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Truck is a bounty hunter who gets a job to track down a guy named Gator. When he and his partner find him, a chase ensues and Gator is killed. This makes Gator's woman, Dorinda, very angry and she puts a hit on Truck. The man who agrees to kill Truck is named Blue. The question is whether Truck can survive with Blue and his gang on his trail. Written by
Josh Pasnak <firstname.lastname@example.org>
Originally developed as a film for actor Robert Mitchum. After Mitchum, James Coburn was attached to star as Truck Turner, but that fell through as well. Having already invested in the script, American International Pictures decided to turn it into an "urban picture" and cast a black actor. Dick Anthony Williams, best know for his work in The Mack (1973) and Slaughter's Big Rip-Off (1973) was initially cast, but was quickly replaced by Isaac Hayes, who wanted to get into acting. It was also felt that Hayes had a bigger name draw than Williams. See more »
When the camera is attached to Yaphet Kotto as he staggers around near the end of the movie the harness/rods attached to his shoulders are visible just at the base of the screen. See more »
Those two bitches that left - they had better learn to sell pussy in Iceland because if I ever see them again I'm gonna cut their fuckin' throats! We are family... and that's what we're gonna stay. Now I got important business out there today. And when I call you, I want you to come out there and shake your asses proper! You hear? Hah? Now get out there and make it look good! And Raquel, take that fuckin' jacket off! Move it!"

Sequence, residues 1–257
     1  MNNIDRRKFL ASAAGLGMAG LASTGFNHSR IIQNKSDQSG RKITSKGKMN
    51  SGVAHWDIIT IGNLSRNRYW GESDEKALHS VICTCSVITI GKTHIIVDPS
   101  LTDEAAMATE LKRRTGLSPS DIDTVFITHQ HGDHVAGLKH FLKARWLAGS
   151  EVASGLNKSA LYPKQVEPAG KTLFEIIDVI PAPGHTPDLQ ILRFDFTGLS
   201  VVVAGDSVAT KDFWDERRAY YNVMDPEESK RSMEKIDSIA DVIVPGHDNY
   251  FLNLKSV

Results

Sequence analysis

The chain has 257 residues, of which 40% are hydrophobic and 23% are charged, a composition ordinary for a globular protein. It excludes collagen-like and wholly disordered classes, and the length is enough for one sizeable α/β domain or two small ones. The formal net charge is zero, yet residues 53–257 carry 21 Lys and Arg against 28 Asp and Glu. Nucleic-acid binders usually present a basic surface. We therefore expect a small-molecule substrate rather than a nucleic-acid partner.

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Truck Turner is an ex-football star, built like a Mack truck. Fortunately his name IS Mac (though why they released it as BLACK BULLET in Australia is beyond me) which makes for a sensible nickname. There is practically nothing else remotely sensible thereon in, when Mac goes head-to-head with a bunch of no-good well, macks (pimps).
It is a typically paradoxical blaxpolitation film. It serves as both a reminder why the genre were so enjoyable - brazen heroes and villains, loads of sexy chicks for each, a top soul soundtrack - and why it had to die eventually - the burden of uninspired cashing in, here there and everywhere.
BLACK BULLET is as b-grade as they come, and it's surprisingly nasty in places. With a similar cast and crew to the far-superior BLACK BELT JONES (a blaxploitation gem), you expect tongue in cheek, but by the time you've heard the world `bitch' a thousand times, it starts to lose its comic gleam.
But at the end of the day it's all in good fun. It's just a shame the modern gangstas didn't get the joke.
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